I’ve been getting to know about my recent addition to my list of maladies. I’m assuming what I have is actually a collection of fibroids. Perhaps the collective noun should be a Fiona of Fibroids? Fiona is a benign tumour in my uterus made up of muscle and fibrous tissue. Fibroids are linked to oestrogen and tend to increase in size when oestrogen levels are high and are known to shrink when levels decrease. Fiona is common – it is thought that around 40% of women develop fibroids at some point in their life.
The good news is that, depending on where Fiona the Fibroid is and how big she’s gotten, I may not need a hysterectomy. There is a much less invasive treatment involving a local and a catheter in an artery that will cut off the blood supply to Fiona and she can just waste away.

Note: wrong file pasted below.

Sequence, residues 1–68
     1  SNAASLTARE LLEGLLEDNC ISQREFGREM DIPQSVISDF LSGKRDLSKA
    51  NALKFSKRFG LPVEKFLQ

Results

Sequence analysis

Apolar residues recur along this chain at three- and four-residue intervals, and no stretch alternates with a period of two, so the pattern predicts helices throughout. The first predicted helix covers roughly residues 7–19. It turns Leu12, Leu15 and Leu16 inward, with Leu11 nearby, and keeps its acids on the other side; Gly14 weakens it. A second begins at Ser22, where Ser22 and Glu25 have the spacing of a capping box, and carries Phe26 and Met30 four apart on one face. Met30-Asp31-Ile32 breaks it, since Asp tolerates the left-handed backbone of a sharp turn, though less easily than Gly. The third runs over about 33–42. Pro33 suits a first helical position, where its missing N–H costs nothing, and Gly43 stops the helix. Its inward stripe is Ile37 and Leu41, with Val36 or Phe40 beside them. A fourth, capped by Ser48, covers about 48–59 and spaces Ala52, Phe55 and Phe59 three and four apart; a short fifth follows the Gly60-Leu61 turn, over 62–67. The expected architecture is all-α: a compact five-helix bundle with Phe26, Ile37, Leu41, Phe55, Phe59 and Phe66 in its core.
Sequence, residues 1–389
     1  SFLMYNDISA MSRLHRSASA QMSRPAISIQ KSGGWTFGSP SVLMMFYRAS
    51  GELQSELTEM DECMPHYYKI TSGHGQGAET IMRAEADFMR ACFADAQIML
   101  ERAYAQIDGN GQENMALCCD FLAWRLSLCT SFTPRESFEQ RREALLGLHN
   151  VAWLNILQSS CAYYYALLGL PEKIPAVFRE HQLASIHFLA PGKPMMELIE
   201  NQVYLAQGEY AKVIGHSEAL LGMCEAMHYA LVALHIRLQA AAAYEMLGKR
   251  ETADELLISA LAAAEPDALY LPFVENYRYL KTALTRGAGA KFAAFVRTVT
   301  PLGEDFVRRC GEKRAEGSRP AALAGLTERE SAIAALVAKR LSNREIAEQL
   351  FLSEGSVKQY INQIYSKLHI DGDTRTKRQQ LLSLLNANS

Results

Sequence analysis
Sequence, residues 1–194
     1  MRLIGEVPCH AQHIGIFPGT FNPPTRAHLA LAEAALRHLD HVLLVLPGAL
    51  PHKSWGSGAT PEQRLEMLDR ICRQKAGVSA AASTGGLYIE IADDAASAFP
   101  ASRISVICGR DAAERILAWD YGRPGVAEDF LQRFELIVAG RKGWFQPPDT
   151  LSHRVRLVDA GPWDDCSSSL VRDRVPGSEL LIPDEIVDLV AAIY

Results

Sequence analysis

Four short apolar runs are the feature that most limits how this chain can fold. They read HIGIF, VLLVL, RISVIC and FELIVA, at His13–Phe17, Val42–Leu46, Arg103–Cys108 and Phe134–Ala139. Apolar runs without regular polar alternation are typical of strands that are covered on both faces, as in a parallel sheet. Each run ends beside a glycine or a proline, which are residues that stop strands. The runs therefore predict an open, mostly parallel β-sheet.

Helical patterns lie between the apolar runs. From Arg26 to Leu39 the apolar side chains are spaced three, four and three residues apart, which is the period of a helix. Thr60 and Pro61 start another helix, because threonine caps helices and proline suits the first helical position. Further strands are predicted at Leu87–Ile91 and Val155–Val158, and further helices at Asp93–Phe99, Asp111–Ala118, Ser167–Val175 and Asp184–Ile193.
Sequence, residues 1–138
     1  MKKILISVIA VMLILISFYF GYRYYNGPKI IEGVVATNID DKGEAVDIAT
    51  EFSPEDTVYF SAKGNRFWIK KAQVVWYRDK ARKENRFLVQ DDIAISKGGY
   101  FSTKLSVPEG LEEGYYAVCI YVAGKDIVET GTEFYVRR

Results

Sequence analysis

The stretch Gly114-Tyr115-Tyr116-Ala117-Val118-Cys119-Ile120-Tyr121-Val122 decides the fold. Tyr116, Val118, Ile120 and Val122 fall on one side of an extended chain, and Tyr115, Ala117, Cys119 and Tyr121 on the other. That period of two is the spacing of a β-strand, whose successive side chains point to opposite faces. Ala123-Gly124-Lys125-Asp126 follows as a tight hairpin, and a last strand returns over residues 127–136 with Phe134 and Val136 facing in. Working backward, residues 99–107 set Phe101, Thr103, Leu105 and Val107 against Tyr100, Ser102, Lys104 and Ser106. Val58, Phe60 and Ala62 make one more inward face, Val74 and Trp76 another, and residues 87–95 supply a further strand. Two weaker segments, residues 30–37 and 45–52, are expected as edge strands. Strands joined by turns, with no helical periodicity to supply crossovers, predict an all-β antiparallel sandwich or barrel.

Of course, I may not have a choice in the matter. Fiona may be up to no good and could give me no end of pain until I beg for a hysterectomy.
It’s been 2 ½ weeks since my surgery and, as far as I can tell, the symptoms that made me want the surgery in the first place have not diminished. I’m still tired all the time. I’m in pain nearly every moment of every day – granted at the moment I’d call it a 2 out of 10 but the point is that the pain hasn’t diminished. My pain increases after a bowel movement, urination or after fantastic sex. I’m still bloated. My first period after the surgery was painful but, as I was taking the massive painkillers that the hospital gave me, it didn’t seem as bad as before. As far as I can see, there has been no great improvement in my health after my operation.
It’s only natural that I consequently feel a bit down.
At work I’ve been moving a lot more slowly than usual. I’m taking my time with everything. I’m remembering to not lift anything. I’m more careful than usual going up and down the stairs. I have to say that everyone in my office has been very gentle with me, they’re also still treating me with the same gregariousness that I’ve come to love. They tease me but in a good way. It makes me laugh and I know when they do it that they’re really saying “We missed you!” It’s lovely to have great support both at work and at home.
I’ll find out more about Fiona on 17 April.